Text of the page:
‘Ring of Fire’ has colorful history

Doug McFarland/Livingston County News File Photo

Fireworks explode over Conesus Lake during a past “Ring of Fire” event. The popular event started in 1938. This year, due to the COVID-19 pandemic, the event has been canceled due to a national emergency for only the second time in its 82-year history. An unofficial “Ring of Fire”-type event with the lighting of flares, but no fireworks was expected to take place on July 3.

Tradition: a long-established custom or belief that has been passed on from one generation to another.

n n n

As we head into the warmer months of 2020, thoughts of what we might do when the summer sun beckons us to spend more time outdoors than indoors, our calendars will begin to fill with places and events we wish to attend. Had conditions allowed and all had gone as planned, the Conesus Lake tradition known as the “Ring of Fire,” would have again been shared and celebrated by the people who live on the lake and residents of Livingston County and surrounding counties.

But, as my wife and I began to write the history of this yearly event, history itself repeated and the “Ring of Fire” has been canceled due to a national emergency for only the second time in 82 years. As our country rebounded after World War II and the celebration of the 4th of July returned to Conesus Lake, there is no doubt at this writing we will once again rebound from our current challenge. So, for now, we will look at just how did this special tradition originate.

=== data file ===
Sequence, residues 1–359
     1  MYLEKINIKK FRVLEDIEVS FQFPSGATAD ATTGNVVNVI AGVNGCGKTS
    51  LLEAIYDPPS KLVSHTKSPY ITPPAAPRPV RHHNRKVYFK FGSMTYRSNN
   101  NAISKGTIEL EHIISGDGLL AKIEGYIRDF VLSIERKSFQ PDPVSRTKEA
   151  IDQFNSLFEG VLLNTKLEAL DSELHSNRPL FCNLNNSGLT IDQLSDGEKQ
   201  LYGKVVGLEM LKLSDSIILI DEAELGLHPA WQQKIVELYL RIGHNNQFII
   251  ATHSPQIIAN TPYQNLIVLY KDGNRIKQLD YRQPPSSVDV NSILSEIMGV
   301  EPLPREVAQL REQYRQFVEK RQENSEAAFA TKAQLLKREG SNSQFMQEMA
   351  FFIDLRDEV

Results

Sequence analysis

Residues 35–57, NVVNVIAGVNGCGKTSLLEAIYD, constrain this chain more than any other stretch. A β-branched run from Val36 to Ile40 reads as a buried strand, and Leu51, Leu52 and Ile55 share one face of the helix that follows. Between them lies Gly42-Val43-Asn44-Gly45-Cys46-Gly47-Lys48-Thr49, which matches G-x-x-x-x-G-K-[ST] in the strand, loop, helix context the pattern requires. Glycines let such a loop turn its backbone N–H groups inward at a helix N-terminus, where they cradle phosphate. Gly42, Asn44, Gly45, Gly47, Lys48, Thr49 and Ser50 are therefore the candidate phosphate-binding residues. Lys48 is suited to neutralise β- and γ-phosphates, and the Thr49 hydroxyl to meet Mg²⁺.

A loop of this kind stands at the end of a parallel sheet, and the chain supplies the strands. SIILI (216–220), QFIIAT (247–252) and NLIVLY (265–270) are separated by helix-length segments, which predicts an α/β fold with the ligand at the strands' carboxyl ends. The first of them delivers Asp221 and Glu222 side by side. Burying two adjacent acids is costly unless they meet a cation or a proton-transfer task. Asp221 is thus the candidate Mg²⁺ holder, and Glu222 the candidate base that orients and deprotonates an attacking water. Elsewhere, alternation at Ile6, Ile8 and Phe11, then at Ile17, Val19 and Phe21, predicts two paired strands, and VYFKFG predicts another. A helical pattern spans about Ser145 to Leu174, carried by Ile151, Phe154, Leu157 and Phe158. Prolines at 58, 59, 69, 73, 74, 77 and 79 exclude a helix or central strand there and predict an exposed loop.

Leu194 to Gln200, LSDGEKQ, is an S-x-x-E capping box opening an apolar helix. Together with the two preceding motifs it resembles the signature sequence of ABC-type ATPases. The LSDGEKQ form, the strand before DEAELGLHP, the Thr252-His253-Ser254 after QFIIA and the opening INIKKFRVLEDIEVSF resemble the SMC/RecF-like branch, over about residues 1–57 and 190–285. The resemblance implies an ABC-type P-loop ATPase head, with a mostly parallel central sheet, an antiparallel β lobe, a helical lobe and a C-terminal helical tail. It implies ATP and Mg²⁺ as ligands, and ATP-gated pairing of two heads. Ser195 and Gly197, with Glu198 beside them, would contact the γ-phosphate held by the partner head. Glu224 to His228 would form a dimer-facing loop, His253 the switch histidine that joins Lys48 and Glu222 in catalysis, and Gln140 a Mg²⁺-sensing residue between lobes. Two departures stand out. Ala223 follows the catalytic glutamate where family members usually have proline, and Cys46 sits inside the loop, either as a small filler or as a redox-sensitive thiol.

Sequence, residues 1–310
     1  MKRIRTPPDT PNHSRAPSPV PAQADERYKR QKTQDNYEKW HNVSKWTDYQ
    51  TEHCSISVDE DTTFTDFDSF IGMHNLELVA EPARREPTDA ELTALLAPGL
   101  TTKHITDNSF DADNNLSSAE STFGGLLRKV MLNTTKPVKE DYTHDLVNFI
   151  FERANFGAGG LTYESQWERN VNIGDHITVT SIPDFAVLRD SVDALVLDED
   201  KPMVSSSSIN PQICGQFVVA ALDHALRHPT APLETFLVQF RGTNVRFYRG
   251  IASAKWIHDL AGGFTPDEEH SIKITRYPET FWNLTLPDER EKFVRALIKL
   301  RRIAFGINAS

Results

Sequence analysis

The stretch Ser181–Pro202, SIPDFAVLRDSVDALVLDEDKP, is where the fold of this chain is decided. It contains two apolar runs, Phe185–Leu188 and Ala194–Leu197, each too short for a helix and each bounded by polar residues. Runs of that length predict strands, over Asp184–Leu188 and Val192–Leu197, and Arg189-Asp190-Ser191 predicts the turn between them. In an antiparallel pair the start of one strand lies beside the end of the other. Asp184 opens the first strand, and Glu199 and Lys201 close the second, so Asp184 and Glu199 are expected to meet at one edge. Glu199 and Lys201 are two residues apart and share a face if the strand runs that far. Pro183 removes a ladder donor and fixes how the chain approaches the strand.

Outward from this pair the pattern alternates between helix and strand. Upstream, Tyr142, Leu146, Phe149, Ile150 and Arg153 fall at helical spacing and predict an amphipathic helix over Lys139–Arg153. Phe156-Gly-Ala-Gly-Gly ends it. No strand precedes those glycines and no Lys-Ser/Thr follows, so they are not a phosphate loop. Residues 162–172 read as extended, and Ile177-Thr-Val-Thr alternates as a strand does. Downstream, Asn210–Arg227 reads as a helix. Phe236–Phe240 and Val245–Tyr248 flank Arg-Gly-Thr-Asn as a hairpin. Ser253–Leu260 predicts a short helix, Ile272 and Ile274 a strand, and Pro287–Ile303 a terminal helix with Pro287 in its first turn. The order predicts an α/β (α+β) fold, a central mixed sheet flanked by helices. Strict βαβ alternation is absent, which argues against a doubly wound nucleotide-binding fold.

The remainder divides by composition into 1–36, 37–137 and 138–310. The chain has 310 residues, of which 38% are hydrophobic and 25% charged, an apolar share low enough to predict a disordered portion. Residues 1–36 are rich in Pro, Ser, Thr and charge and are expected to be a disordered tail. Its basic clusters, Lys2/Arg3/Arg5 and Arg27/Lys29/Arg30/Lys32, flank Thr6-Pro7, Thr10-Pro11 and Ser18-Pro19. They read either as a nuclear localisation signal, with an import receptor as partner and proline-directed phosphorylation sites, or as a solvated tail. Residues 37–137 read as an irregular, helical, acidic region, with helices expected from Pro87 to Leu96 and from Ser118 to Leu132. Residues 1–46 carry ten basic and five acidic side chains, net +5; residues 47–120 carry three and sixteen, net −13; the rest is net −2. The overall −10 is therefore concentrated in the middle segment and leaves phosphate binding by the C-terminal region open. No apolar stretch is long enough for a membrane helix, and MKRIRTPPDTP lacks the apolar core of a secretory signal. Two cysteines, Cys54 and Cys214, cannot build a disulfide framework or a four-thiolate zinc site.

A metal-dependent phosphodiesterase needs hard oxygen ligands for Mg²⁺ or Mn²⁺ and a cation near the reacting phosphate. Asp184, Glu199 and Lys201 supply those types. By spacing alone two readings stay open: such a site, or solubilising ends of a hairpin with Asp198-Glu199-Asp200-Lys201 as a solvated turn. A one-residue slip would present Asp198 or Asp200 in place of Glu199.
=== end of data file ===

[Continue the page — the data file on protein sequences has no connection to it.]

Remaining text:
‘Lake on Fire’

Based on extensive research, the first time the idea of lighting up the shore of Conesus Lake was attempted in the summer of 1938. As the June 30, 1938, Livonia Gazette reported: “Plans Completed to Set ‘Conesus Lake on Fire’ Monday Evening, July 4th.” And this is how the article began: “The Conesus Lake Sportsmen’s club gives out the following instructions for celebrating the 4th at Conesus Lake. Quiet please, hold the noise. At exactly 9 o’clock sharp, EST, Monday night, July 4th, the radios will signal “Now is the time for all good cottagers to light up their flares.” Grab your flare, stand it on the beach in front of your cottage, spike-end down, at a 45 degree angle; grasp the black ribbon in one hand while holding the flare down with the other hand and tear off cap; scratch the black end together until it fizzles; then for the best view, jump into your motorboat, rowboat or canoe and dash for the center of Conesus lake.”

The story that ran in the Rochester Democrat and Chronicle stated: “One thousand bright red flames will be touched off on the shore in front of every cottage on Conesus Lake at 9 p.m., July 4. The display is being promoted by the Conesus Lake Sportsmen’s Club marking the campaign to sign-up one thousand charter members who will sponsor the Fish Rearing Ponds designed to supply forty thousand grown fish annually to stock Conesus Lake.”

Tradition begins

And so the “tradition” of lighting up the shore of Conesus Lake began on July 4th, 1938 – 82 years ago and this very popular event began as “Conesus Lake on Fire.”

The first event was a rousing success. A story in the July 5, Democrat and Chronicle was titled “Lake appears like jewel in flare setting.”